In hindsight, I can say that it would have been emotionally helpful to talk with people other than my wife and my dissertation advisor about what this whole process felt like. Perhaps it would have been good, like in support groups, to have a “sponsor” to talk with — someone who went through this before and would be willing to listen to my anxieties about real estate costs, the material realities of the job, and my innermost insecurities, such as why in the hell did I choose to do a PhD in the first place?

There’s much more to talk about, of course, but I wanted to end this post with just a few practical resources I returned to time and time again:

Rhet/comp academic jobs wiki. Most of the jobs I found were initially posted on this site. I used an RSS-reader Chrome app and subscribed to the RECENT ACTIVITY link on that site, which helped me manage it all. You can also use this site to get backchannel updates on jobs that have posted, but this info can be unreliable, quickly render you obsessive, and ultimately be counterproductive to your progress.

Rhetmap. This site, run by Jim Ridolfo at Kentucky, is useful not only because it geo-plots MLA JIL data, but includes a number of extras. When things were not looking good, for example, I reminded myself that this was the worst market statistically speaking in at least the last 5 years. I knew that because of tools like this market comparison visualization created by Chris Lindgren:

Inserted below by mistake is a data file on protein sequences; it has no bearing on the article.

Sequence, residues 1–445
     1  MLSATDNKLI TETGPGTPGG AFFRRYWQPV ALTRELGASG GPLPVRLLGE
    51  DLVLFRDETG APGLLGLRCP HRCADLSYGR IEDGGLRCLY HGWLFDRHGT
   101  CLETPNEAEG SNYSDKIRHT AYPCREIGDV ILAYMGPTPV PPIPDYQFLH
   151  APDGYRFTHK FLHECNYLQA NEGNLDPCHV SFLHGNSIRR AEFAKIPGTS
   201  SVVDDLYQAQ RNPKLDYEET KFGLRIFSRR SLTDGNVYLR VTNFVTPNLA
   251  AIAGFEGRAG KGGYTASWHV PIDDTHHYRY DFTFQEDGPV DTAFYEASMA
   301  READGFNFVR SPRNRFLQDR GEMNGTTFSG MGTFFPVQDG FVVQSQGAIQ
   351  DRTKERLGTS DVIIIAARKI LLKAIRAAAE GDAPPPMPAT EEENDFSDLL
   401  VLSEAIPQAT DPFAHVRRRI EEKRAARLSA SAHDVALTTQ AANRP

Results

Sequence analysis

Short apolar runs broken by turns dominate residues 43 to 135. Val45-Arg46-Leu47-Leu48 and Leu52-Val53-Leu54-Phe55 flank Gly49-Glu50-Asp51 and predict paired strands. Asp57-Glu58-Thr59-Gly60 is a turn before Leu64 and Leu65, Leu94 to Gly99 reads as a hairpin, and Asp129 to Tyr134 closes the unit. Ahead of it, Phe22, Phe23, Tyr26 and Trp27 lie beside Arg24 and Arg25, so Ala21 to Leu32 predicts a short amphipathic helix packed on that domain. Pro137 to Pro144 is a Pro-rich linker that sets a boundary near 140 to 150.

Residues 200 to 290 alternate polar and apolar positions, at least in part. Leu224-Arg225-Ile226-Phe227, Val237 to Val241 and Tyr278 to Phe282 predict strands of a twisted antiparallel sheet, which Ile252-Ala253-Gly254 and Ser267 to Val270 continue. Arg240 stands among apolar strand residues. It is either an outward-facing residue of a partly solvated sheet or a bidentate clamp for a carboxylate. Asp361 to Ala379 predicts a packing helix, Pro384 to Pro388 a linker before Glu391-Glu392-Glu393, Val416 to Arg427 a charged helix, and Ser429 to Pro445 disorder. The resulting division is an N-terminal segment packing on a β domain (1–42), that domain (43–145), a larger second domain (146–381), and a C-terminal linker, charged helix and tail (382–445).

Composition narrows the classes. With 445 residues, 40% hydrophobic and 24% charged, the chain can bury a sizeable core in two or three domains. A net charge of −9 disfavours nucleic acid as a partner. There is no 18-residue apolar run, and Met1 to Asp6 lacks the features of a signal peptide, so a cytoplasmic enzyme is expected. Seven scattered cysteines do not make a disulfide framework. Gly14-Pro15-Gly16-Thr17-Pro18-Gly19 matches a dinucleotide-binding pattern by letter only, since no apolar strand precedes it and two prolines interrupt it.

The Professor Is In by Karen Kelsky. Not everyone is a fan of this book or Kelsky’s approach, but if you can get past the first few chapters where she reminds you of the terribly depressing club you are trying to enter, then there are some helpful pieces of advice. Plus the book is organized chronologically in terms of how most candidates experience the market, making it a manageable read on top of all your other responsibilities. She’s also often funny, direct, and includes memorable stories.

Google Analytics. If you have a professional webpage and want to see when and where users are reading it from, install Google Analytics. Although I’m sure it didn’t help my mental health (see academic jobs wiki above), this feature predicted some of the interviews I got ahead of the call.

Marxist rhetorical theory and DIY print cultures

Buffalo Small Press Fair
Buffalo Small Press Fair: view from upstairs